South Korea to send envoys to Pyongyang to prepare for summit between two countries, discuss denuclearisation
South Korea said on Friday it will dispatch special envoys to the North Korean capital on 5 September to discuss the timing of a summit between the two countries' leaders expected to take place later in the month.
Seoul: South Korea said on Friday it will dispatch special envoys to the North Korean capital on 5 September to discuss the timing of a summit between the two countries' leaders expected to take place later in the month.
The special envoy will also discuss "establishing peace", "advancing inter-Korean ties", and the "denuclearisation of the Korean peninsula," said Kim Eui-kyeom, a spokesman for South Korea’s presidential Blue House.
The South had earlier on Friday proposed sending the envoys, and the North accepted, Kim said.
He did not identify who the envoys would be.
South Korean president Moon Jae-in would be the first South Korean president to visit Pyongyang since 2007, but the planned summit has been overshadowed by signs of mounting tension between North Korea and the United States over the future of the North’s nuclear weapons programme.
Last week US president Donald Trump abruptly called off a visit to Pyongyang by his secretary of state and his own newly named special envoy for North Korea, complaining of a lack of progress in denuclearisation talks.
The cancellation came just hours after Secretary of State Mike Pompeo had announced the planned visit and publicly acknowledged for the first time that his efforts to get Pyongyang to denuclearise had stalled.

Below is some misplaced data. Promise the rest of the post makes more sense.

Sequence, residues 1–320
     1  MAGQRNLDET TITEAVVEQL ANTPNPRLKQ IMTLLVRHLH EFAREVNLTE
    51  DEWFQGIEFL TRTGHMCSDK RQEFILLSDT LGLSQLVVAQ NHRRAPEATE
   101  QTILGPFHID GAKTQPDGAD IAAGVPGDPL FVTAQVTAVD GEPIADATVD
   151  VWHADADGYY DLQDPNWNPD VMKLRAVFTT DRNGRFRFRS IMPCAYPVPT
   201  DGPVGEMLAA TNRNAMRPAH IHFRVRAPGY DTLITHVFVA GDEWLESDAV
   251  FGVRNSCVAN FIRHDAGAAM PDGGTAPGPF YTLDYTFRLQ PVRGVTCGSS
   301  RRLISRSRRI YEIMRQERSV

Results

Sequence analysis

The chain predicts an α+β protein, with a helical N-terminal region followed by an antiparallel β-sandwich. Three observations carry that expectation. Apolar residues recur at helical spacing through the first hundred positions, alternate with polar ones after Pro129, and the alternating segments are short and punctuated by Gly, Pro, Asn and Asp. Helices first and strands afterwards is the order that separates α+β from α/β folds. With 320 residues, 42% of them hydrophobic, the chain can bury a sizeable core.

Trump later hailed his personal relationship North Korean leader Kim Jong-un and rowed back on suggestions by Secretary of Defence Jim Mattis that the United States might resume war games with South Korea.
North Korean state media has also been critical of the United States, complaining that Washington was failing to live up to promises to revamp the two countries’ relations.
North Korea has been seeking relief from tough international sanctions and a formal conclusion to the 1950-1953 Korean War, which ended in an armistice rather than a peace treaty.
The first meeting between Moon and North Korea’s Kim Jong-un in Panmunjom in April was the high point of a remarkable thaw in ties after more than a year of rising tension and fears of war over the North’s development of nuclear weapons and ballistic missiles.
At that meeting, they agreed that Moon would visit the North’s capital in the autumn, though the pair met again in May in an unannounced meeting, also in Panmunjom.
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